Newhailes is a national treasure and deserves to be treated with the same care as would a painting or piece of sculpture. As such, it was the subject of a detailed study into the nature of its beauty before any work began or damage was done. The resulting conservation plan carried out by LDN Architects for the National Trust for Scotland placed any changes in the context of the whole rather than treating any element in isolation. The £4.8 million project consisted of work to the house (including external repairs, the improvement of access and the updating of services), work to the stables (including the provision of visitor facilities and staff offices), and works on the estate (including restoration of the gardens and a new car park).
The judges said: 'The contribution by Law & Dunbar-Naismith to the minimalist preservation of the Grade A-listed 17th-century Newhailes House lies at the cutting edge of building conservation theory. The house was acquired in 1995 by the National Trust for Scotland with its fabric, decorations, fittings and contents dating back to all the periods of its four-century existence. After extensive research, the trust decided to preserve the house as found, with all its mellow ageing, rather than heavily restore it to some selected date in the past. Unsafe balustrades were re-fixed, but their peeling paintwork was left untouched pending redecorating at some later date. Bowed floors were checked for structural integrity and further movement simply inhibited. This policy of conservation rather than restoration has shocked some visitors, more used to the brightness of conventional restoration.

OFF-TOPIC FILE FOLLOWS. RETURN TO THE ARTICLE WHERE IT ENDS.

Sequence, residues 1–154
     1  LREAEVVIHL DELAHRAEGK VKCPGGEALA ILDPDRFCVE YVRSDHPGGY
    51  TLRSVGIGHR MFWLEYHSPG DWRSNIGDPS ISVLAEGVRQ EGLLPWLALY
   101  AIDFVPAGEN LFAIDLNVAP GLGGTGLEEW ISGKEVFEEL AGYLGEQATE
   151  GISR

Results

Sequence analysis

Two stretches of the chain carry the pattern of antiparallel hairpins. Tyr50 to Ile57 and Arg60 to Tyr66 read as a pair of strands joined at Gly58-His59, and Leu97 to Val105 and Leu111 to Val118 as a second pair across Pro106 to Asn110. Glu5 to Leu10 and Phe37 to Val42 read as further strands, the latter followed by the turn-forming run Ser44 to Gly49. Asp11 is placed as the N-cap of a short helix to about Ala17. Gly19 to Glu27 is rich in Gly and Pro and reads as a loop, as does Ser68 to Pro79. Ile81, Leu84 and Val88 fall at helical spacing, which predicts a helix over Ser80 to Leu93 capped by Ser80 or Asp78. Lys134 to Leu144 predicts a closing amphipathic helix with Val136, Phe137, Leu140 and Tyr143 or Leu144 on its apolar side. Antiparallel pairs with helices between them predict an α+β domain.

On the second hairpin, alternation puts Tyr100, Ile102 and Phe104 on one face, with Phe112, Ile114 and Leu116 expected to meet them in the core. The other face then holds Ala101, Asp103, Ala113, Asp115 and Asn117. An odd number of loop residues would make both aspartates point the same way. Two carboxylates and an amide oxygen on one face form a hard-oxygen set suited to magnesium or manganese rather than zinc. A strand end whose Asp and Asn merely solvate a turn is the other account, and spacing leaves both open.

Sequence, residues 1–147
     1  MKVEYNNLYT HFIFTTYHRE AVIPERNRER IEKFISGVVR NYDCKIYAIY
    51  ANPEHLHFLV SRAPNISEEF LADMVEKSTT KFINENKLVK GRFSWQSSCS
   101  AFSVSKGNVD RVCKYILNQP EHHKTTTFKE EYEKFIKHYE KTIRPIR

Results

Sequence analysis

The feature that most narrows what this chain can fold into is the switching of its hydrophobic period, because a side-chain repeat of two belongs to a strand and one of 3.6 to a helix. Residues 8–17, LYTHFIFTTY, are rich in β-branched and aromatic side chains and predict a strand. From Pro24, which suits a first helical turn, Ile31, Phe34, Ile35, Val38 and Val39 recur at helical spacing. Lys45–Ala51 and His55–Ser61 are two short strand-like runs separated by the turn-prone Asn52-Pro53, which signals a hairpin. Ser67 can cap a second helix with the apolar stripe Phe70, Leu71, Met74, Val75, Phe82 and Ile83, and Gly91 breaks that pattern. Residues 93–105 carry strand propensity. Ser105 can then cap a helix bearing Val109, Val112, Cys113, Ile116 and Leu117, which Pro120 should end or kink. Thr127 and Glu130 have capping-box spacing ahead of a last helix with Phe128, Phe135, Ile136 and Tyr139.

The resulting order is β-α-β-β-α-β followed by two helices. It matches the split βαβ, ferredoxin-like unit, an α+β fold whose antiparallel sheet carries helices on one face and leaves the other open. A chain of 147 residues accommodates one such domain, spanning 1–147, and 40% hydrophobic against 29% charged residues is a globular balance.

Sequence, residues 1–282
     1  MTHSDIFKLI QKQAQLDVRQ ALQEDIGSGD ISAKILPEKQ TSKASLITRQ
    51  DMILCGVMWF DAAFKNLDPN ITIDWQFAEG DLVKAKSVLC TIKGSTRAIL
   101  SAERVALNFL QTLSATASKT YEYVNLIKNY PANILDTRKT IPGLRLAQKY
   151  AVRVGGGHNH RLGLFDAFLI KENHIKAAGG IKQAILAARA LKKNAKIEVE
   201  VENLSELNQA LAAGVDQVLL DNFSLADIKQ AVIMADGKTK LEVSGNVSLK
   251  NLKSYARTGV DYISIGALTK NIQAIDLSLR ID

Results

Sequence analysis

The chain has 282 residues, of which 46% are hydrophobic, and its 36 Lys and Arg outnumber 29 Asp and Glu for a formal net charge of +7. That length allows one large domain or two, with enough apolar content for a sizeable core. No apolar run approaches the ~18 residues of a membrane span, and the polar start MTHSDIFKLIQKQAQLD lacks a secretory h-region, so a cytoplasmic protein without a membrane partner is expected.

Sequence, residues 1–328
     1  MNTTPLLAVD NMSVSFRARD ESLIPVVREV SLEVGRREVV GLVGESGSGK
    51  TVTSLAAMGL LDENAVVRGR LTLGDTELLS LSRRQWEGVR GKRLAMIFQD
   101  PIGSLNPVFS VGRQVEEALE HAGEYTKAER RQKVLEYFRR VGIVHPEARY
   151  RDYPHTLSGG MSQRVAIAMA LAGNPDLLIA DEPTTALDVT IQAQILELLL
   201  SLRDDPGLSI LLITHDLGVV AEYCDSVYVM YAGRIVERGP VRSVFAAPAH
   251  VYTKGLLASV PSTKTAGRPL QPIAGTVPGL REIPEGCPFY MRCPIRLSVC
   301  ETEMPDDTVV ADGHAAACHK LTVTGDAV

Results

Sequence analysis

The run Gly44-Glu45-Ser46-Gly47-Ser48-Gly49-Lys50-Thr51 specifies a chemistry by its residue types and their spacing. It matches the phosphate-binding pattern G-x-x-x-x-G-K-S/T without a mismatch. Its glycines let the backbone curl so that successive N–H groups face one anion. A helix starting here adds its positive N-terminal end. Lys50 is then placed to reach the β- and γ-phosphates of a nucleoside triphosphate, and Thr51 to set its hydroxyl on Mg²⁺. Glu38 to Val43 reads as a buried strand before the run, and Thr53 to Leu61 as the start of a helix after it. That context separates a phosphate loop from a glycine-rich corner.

Much of the key conservation work is all but invisible, such as the installation of electrics, heating, disabled access, fire detectors and sprinklers. The use of radio telemetry helps reduce the amount of wiring in the principal rooms and enables the fire brigade to pinpoint a fire source with uncanny accuracy.
(The use of such equipment elsewhere alerted the brigade to smoke so they were on the scene the instant the first flame appeared. ) But backstage, these services are exposed, following the routes of Victorian plumbing and gas pipes.
'The family regarded themselves as stewards rather than owners of Newhailes, declining creature comforts such as central heating because of the damage such changes would cause. The National Trust for Scotland continues to take the same line: that to replace anything is to take away from the past. They are to be commended for this exemplary approach to conservation.'
Elliott & Company was the engineer and Linford-Bridgeman was the contractor.
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